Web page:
Researchers in Washington State viewed lumbar fusion surgery to have questionable medical benefit, increased costs, and increased risks, in comparison to intensive pain programs for chronic low back pain with degenerative disk disease.

Following decompression surgery bone graft or artificial bone substitute is packed between the vertebrae to promote healing.


Fusions may be done either on the anterior, posterior,or both sides of the spine.

Most fusions are supplemented with hardware to include: screws, plates, and rods.

These hardwares because have higher union rates than non-instrumented .

Minimally invasive surgery uses advanced image guidance systems to insert rods/screws into the spine through smaller incisions.

Minimally invasive surgery allows for less muscle damage, blood loss, infections, pain, and length of stay in the hospital.

Types of fusion techniques performed at each level of the spine:

Anterior approach to cervical spine.

Anterior cervical discectomy and fusion

Anterior cervical corpectomy and fusion

Posterior cervical decompression and fusion

Thoracic spine anterior decompression and fusion.

Posterior instrumentation and fusion.

Lumbar spine posterolateral fusion is a bone graft between the transverse processes in the back of the spine: vertebrae are then fixed in place with screws or wire through the pedicles of each vertebra, attaching to a metal rod on each side of the vertebrae.

Interbody lumbar fusion is a graft where the entire intervertebral disc between vertebrae is removed and a bone graft is placed in the space between the vertebra.

A plastic or titanium device may be placed between the vertebra to maintain spine alignment and disc height.

Types of interbody fusion are:

Anterior lumbar interbody fusion (ALIF) – the disc is accessed from an anterior abdominal incision

Posterior lumbar interbody fusion (PLIF) – the disc is accessed from a posterior incision

Transforaminal lumbar interbody fusion (TLIF) – the disc is accessed from a posterior incision on one side of the spine

Transpsoas interbody fusion (DLIF or XLIF) – the disc is accessed from an incision through the psoas muscle on one side of the spine.

Oblique lateral lumbar interbody fusion (OLLIF) – the disc is accessed from an incision through the psoas muscle obliquely.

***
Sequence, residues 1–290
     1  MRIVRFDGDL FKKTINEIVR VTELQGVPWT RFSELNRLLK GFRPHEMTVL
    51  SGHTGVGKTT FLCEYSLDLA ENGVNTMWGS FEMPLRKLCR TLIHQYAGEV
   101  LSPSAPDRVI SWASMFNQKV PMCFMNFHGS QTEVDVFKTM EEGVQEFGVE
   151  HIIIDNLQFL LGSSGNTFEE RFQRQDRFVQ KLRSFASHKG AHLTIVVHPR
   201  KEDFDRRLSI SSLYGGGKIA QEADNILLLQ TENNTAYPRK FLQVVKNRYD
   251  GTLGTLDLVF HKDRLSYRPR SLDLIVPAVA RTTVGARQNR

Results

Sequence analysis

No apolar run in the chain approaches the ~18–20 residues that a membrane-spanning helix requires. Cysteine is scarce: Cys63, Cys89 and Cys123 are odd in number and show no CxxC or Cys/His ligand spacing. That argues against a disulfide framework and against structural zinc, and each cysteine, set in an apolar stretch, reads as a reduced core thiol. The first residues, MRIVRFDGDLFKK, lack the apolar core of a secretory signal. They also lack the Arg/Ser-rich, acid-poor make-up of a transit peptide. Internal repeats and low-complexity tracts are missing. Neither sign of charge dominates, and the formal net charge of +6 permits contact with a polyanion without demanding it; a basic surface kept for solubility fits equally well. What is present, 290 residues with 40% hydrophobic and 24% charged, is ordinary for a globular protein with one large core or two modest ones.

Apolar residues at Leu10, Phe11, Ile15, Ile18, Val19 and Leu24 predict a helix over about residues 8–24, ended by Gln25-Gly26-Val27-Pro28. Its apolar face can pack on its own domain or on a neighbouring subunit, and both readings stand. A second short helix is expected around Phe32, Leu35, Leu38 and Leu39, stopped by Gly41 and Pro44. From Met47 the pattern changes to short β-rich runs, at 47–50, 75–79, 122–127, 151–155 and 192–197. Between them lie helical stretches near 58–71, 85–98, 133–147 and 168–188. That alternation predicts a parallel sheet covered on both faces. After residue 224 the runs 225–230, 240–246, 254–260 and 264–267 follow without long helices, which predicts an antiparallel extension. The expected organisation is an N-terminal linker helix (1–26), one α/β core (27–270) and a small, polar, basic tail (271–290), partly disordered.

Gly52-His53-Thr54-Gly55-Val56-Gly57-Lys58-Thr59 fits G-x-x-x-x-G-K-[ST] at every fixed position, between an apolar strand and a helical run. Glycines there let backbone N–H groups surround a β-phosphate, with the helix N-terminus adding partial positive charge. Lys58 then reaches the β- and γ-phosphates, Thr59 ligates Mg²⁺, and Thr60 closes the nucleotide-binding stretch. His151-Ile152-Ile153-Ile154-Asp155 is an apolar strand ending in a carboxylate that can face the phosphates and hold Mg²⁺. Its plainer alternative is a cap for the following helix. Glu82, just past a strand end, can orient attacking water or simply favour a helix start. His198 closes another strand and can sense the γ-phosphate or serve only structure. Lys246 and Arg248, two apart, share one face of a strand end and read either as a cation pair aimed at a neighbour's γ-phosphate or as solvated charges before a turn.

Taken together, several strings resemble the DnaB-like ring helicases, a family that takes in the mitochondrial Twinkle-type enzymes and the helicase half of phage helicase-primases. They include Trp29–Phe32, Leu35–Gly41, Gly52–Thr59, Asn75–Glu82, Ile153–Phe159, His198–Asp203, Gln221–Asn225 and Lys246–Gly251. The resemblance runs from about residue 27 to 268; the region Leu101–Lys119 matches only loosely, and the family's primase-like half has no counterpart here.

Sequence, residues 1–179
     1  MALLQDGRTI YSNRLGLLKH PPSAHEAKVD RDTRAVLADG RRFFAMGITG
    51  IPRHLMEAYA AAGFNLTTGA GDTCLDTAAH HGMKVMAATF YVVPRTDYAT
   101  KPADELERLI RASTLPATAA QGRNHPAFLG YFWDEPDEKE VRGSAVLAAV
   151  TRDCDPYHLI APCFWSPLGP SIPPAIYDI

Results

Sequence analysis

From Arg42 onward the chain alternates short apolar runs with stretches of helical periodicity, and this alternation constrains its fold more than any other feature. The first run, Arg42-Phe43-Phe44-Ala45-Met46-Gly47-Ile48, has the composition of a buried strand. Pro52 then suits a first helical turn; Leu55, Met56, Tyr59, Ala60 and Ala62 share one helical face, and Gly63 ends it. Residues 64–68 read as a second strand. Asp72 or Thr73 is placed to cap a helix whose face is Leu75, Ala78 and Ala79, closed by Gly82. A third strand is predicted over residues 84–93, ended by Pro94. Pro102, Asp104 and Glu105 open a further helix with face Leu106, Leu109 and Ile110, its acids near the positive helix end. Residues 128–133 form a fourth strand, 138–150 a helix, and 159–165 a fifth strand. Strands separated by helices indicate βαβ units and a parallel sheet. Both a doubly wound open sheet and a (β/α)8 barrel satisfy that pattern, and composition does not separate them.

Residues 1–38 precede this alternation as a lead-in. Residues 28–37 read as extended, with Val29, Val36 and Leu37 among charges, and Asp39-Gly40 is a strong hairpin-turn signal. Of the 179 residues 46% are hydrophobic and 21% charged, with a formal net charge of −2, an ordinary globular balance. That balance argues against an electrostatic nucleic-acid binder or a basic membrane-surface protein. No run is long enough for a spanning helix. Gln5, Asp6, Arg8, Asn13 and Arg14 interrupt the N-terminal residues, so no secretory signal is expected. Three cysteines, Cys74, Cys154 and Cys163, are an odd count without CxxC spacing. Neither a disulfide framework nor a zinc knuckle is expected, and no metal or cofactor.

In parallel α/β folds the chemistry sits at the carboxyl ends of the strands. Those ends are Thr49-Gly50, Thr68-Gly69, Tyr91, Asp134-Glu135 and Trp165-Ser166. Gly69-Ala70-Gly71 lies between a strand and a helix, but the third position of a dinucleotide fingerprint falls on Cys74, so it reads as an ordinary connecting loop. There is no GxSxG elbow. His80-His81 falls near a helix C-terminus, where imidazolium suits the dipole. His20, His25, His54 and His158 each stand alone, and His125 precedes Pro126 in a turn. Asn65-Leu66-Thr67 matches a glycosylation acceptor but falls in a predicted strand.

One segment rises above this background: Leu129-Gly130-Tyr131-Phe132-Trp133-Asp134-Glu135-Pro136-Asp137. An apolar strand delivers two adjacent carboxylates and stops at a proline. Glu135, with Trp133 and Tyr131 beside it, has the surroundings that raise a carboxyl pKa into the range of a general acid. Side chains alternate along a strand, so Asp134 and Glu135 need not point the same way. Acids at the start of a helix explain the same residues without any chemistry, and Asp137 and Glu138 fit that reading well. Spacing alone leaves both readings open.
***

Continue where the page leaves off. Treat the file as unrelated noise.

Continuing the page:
Spinal fusion has a higher risk of complications in older people with elevated body mass index (BMI), other medical problems, poor nutrition and numbness, weakness, bowel/bladder issues before surgery.

Complications depend on the type/extent of spinal fusion surgery.

Fusion surgery complications:

Patient positioning on operating table

Blood loss

Damage to nerves and surrounding structures during procedure

Insertion of spinal hardware

Harvesting of bone graft

Wound infections

Deep vein thrombosis

Pulmonary embolism

Urinary retention


Neurologic deficit

Deformity such AUB loss of height, alignment, and failure of fusion

Pseudarthrosis – nonunion between fused bone segments.

Adjacent segment disease – degeneration of vertebrae above/below the fused segments due to increased stress and motion.

Epidural fibrosis – scarring of the tissue that surrounds the spinal cord

Arachnoiditis – inflammation of the thin membrane surrounding the spinal cord, usually caused by infection or contrast dye.

Recovery following spinal fusion is extremely variable, depending on individual surgeon’s preference and the type of procedure performed.

Walking – most people are out of bed and walking the day after surgery.

Sitting – can begin at 1–6 weeks following surgery.

Lifting – it is generally recommended to avoid lifting until 12 weeks.

Driving – usually can begin at 3–6 weeks.

Return to sedentary work – usually between 3–6 weeks.

Return to manual work – between 7–12 weeks

Rehabilitation after spinal fusion is not mandatory.